Fruitvale Station (2013)

indexWritten & Directed by: Ryan Coogler

Setting: San Francisco Bay Area

Recommended by:  Alex Withrow

This week I hit a milestone that was inevitable, I suppose. For the first time, someone got angry and “unfriended” me on Facebook. And I wasn’t even being a sarcastic ass … honestly.

It started when I reposted an article highlighting my support of Black Lives Matter.

This person seemed to infer that I was anti-police. I told my husband about this, and he thought it was funny. After all he is a cop, a white cop, no less. So yes, I am pro-cop, and this profession pays my mortgage. Furthermore, I know what it’s like to wonder if the day will come that your loved one won’t come home from work alive.

The attitude that being “pro-cop” and “pro-Black Lives Matter” is contradictory, that we’re supposed to “pick a side,” is a mystery to me. My support of police has nothing to do with the fact that I am horrified by what is going on in this country, the death toll among young black men, and the fact that Black and biracial couples have become terrified for their sons.

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This made me doubly appreciate Fruitvale Station’s devastating but nuanced portrayal of a young black man’s death at the hands of a police officer. Opening with cellphone footage of the actual incident that inspired this film, the shooting of twenty-two-year-old Oscar Grant, it seeks not to preach but to let us get to know Oscar. Social media chatter would reduce him to a laundry list of his past transgressions–spent time in prison, drug dealer, drug user–as if this somehow softens the tragedy. As if it removes all responsibility from us, as a society, for the fact that these tragedies happen far too often.

In Fruitvale Station, we follow Oscar (Michael B. Jordan) through the last day of his life. We see him in various roles: unfaithful boyfriend, loving father, devoted son to his mom (Octavia Spencer), and unreliable employee. We see him trying to break away from the world of drug dealers, earn an honest livelihood, and become the father his daughter deserves.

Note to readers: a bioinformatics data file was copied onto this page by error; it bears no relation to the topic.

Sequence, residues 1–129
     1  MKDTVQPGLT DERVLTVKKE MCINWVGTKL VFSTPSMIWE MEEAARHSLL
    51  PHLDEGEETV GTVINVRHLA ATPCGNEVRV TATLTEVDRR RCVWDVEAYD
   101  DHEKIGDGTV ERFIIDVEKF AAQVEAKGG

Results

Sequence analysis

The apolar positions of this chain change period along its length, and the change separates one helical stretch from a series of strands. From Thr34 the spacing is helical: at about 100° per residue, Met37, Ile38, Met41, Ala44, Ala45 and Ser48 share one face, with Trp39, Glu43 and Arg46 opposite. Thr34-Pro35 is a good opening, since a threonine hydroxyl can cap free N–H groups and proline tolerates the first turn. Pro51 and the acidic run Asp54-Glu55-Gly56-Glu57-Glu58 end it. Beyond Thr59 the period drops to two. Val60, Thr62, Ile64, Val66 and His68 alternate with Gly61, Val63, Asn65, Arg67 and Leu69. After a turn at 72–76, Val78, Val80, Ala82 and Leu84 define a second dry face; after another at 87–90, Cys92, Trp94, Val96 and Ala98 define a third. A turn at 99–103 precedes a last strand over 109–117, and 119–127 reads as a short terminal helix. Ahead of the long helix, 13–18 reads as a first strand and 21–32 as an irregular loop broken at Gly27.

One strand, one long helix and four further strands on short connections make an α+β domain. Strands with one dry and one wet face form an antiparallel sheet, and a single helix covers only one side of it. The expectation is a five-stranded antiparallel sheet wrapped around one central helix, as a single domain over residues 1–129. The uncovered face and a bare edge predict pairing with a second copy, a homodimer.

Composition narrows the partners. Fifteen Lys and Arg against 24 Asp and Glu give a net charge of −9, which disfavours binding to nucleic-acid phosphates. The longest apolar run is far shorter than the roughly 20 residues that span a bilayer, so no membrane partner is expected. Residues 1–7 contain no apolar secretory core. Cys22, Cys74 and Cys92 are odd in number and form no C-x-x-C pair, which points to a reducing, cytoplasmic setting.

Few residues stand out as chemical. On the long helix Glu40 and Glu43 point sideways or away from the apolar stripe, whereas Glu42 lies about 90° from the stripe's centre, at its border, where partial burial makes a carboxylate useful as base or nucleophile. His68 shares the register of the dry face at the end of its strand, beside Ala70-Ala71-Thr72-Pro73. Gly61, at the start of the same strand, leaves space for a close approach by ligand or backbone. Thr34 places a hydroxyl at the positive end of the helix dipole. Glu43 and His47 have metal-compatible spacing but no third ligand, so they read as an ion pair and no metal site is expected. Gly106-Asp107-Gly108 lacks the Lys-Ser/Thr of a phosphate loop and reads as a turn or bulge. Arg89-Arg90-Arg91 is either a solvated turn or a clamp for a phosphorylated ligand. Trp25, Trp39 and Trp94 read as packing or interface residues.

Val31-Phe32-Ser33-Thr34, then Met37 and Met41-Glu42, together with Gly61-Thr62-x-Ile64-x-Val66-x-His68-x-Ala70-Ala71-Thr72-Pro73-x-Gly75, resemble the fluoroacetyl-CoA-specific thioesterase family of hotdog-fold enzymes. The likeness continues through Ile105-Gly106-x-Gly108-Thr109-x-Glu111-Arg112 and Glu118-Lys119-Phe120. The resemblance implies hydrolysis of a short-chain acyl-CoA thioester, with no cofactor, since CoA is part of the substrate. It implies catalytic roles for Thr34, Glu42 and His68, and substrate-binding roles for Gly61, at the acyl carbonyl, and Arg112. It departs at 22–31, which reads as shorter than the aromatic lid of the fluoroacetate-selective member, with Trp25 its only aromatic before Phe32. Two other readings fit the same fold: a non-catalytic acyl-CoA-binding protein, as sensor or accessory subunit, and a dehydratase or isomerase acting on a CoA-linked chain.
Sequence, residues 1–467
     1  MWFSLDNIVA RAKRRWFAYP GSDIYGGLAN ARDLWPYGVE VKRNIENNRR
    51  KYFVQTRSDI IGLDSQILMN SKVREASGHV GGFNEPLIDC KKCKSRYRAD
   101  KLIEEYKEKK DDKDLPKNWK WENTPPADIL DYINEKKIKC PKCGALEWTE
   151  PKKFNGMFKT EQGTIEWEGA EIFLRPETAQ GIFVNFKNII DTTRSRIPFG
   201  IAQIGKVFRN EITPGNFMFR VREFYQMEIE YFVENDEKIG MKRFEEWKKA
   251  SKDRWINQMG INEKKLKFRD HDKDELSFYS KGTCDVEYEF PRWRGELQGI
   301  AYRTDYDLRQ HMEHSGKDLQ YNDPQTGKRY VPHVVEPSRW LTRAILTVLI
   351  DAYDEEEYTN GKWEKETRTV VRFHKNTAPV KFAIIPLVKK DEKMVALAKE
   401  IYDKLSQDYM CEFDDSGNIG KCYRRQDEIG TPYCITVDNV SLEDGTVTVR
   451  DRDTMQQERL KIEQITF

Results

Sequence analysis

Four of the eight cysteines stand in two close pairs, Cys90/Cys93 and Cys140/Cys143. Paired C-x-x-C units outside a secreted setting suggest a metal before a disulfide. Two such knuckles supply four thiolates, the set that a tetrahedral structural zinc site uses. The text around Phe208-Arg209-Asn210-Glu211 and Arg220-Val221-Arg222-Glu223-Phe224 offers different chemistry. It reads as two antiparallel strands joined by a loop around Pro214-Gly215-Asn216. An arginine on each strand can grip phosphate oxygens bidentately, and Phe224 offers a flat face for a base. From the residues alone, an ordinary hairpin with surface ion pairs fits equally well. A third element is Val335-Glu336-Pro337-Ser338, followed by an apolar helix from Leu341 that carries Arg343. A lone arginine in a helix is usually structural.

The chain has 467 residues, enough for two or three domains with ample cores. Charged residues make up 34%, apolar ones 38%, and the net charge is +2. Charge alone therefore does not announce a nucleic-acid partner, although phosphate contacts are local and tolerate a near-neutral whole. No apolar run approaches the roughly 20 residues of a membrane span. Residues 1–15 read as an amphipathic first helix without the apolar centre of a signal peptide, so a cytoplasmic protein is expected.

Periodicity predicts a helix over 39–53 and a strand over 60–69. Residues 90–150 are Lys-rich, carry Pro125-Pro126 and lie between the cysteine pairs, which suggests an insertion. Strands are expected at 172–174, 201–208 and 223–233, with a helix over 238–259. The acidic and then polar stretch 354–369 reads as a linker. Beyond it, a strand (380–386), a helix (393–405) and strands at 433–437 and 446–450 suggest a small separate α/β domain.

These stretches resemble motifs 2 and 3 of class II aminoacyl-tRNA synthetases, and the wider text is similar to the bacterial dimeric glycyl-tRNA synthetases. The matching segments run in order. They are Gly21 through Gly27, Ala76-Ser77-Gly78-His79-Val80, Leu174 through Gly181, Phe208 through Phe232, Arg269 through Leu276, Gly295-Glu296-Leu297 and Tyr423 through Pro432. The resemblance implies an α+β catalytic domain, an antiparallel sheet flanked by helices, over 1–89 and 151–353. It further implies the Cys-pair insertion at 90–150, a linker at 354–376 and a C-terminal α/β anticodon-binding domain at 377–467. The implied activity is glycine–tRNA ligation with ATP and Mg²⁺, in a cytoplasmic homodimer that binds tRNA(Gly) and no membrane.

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This is painful to watch, knowing how it will end, but it’s so beautifully portrayed it’s impossible to look away. We get a glimpse of the messy, difficult life of a charismatic, likeable young man–basically still an adolescent–whose poor judgment often makes him his own worst enemy. We see the society around him, a tangled mix of racial tensions and people coming together, without discriminating, joined by their shared humanity.

The inevitable climatic scene is wonderfully and horrifically intense and real. Neither the shooting victim nor the police are wholly in the wrong, and the officers make typical mistakes that cops, caught up in a morass of fear, ego, and duty, often make. The moment when the shooter realizes what has just happened and his partner works frantically to revive Oscar is heartbreaking in its own right. And it makes it clear how a situation like this escalates so quickly, shattering many lives in the blink of an eye.

Ultimately, however, the focus is where it should be, on the tragedy of Oscar’s death and the hole it leaves in his family. Octavia Spencer, portraying a mother facing every parent’s worst fear with indomitable strength and agonizing vulnerability, knocked it out of the ballpark and broke my heart in the best possible way.

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